Reflections on Veritatis Splendor by Alfred McBride, O.Praem. To review books by Fr. Mc Bride: (The Millennium : End of Time? a New Beginning? (1998--$8.76), Father McBride's Family Catechism (1998--$7.96) or Father McBride's Teen Catechism (1996--$7.19) at our on-line book store, click on the blue.

How much do you really need?

  there is no life without temptation. And the best way to resist temptation is self-discipline. Leo Tolstoy’s, How Much Land Does a Man Need? is a case in point. A peasant named Pahom worked hard and honestly for his family, but he owned no land. He heard a neighbor lady was going to sell her farm. Pahom and his wife decided to use their small savings to buy the land.

He loved his new property and became prosperous and joyful. One day a visitor came and told him about new land for sale beyond the Volga. Pahom now felt his little farm was too small. So he sold his small holding and bought a big plot. But even here he was not satisfied. He wanted to sow more wheat, so he rented extra land for three years.

Then one day he met a traveler from the land of the Bashkirs who had bought thirteen acres of land for only one thousand rubles. Pahom drooled at the thought. He again sold his property and moved with his family to the new land. The chiefs came out to see him. He asked about buying property. He was told: "As much as you can run round on your feet in a day will be yours. But if you don’t complete the circle you lose your money."

Pahom agreed and made plans for the run. With a shovel he would dig holes to mark the perimeter. He started out at sunrise. As the day progressed he widened the circle of land ever further, but he also grew hot and tired and then panicked. As the sun was disappearing, Pahom ran furiously back to the starting point, his heart hammering. He arrived back just in time and fell to the ground - dead. His servant picked up his shovel and dug a grave for Pahom. Six feet of land, from his head to his heels, was all he needed.

Greed is a devouring temptation. "But temptations can be overcome, sin can be avoided, because together with the commandments the Lord gives us the possibility of keeping them.... Keeping God’s law in particular situations can be difficult ... but it is never impossible.... Man always has before him the spiritual horizon of hope, thanks to the help of divine grace and with the cooperation of human freedom" (Nos. 102-103).

Today’s culture is far more pessimistic than the Church about victory over temptation to evil. The culture capitulates to evil in two ways: first, by claiming the sin is not so bad after all; second, by promoting evil means to avoid evil.

This is the philosophy that supports abortion, euthanasia, contraceptive devices, and even the teaching of masturbation to teenagers. The culture calls this compassion. But what kind of compassion murders the unborn and the old? What compassion considers there is no moral character possible for the young? This is not compassion. This is contempt.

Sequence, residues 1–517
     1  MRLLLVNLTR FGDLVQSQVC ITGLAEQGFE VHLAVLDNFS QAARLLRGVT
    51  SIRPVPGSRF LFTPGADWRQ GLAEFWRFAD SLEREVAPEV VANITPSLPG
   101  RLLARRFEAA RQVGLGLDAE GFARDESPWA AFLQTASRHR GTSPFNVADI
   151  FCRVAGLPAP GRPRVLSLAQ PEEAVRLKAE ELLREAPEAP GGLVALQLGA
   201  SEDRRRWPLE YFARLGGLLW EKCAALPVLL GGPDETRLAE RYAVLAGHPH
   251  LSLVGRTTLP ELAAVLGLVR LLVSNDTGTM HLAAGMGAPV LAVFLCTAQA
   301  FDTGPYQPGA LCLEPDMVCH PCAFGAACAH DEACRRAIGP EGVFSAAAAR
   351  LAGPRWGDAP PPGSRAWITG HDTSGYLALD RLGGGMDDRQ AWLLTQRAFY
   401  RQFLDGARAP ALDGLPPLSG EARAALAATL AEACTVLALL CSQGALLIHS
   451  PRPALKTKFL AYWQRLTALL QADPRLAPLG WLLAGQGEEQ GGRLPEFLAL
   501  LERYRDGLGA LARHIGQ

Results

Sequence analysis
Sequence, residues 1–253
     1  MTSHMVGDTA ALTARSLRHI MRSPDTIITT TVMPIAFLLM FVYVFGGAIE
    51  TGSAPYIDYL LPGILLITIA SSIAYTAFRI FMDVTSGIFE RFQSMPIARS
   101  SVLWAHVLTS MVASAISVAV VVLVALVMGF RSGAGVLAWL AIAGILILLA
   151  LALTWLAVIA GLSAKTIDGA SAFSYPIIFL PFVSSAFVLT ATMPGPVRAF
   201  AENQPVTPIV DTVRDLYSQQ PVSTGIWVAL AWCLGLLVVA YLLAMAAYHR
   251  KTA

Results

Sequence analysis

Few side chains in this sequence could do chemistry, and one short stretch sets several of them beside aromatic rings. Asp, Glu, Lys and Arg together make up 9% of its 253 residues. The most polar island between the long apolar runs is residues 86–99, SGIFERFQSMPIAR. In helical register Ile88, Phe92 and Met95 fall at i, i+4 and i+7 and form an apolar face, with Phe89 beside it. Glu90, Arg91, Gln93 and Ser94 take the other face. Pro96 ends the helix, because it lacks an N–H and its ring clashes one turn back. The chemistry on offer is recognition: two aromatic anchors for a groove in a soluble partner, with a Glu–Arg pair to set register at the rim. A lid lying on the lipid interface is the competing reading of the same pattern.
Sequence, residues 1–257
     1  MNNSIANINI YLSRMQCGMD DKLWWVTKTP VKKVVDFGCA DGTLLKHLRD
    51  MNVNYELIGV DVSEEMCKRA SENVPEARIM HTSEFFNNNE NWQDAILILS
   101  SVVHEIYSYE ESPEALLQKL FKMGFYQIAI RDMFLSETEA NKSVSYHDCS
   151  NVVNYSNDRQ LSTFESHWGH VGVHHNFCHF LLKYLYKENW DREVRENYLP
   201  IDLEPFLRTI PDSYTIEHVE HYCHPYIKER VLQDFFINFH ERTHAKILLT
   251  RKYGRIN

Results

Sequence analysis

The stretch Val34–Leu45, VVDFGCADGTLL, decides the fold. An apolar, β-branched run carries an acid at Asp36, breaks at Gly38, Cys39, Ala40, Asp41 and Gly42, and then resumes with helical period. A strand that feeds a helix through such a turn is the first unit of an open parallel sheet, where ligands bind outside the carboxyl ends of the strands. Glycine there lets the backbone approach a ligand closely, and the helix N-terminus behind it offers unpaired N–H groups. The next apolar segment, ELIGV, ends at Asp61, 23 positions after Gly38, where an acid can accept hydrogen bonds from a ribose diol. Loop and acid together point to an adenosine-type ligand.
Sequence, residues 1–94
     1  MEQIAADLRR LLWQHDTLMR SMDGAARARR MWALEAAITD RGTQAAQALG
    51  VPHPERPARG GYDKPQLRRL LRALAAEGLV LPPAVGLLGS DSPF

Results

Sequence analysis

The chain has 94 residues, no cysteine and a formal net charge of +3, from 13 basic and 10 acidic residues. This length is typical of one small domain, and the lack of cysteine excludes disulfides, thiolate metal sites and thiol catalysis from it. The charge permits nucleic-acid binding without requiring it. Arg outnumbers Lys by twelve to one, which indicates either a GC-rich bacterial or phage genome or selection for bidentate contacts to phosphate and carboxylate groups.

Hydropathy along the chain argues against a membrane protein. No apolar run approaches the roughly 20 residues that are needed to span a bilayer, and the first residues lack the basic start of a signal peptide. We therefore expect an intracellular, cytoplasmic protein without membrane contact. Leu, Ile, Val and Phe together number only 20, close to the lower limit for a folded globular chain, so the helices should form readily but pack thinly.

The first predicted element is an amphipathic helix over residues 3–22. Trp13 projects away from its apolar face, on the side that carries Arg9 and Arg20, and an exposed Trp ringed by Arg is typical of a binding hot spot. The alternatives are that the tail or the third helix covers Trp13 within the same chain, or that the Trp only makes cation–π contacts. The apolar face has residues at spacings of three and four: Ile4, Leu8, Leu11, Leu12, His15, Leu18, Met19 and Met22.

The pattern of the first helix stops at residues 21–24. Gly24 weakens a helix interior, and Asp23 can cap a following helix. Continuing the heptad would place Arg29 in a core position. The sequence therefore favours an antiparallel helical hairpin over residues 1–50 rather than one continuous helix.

The culture condemns the Church for lacking compassion. Yet the Church offers the mercy of God and the promise of real human conversion, change, and moral growth.

"Appropriate allowance is made both for God’s mercy toward the sin of the man who experiences conversion and for the understanding of human weakness. Such understanding never means compromising and falsifying the standard of good and evil.... It is quite human for the sinner to acknowledge his weakness and to ask mercy for his failings. What is unacceptable is the attitude of one who makes his own weakness the criterion of the truth about the good, so that he can feel self-justified, without even the need to have recourse to God and His mercy" (No. 104).

The culture has tricked people into making sin the standard and the law of God a compassionless rule. It has exalted weakness into the norm for living and has taken the life of morality away from human conscience.

In the 1960s, civil-rights activists sang, "We shall overcome." That was - and is - the human and faith-filled way to act. It is also Jesus’ message: "Be not afraid! Have hope! I have overcome the world!" Listen to his message. Let him change you.

  These syndicated articles are copyrighted by Our Sunday Visitor and are purchased with donations made to the Friends of the Good News who support this newsletter. Fr. McBride writes for Our Sunday Visitor. All quoted matter is from the encyclical, unless otherwise indicated. 1998 Our Sunday Visitor. Used by subcription. This article appeared in the May l999 edition of The San Francisco Charismatics (ISSN 1098-4046) a member of the Catholic Press Association of the United States and Canada.
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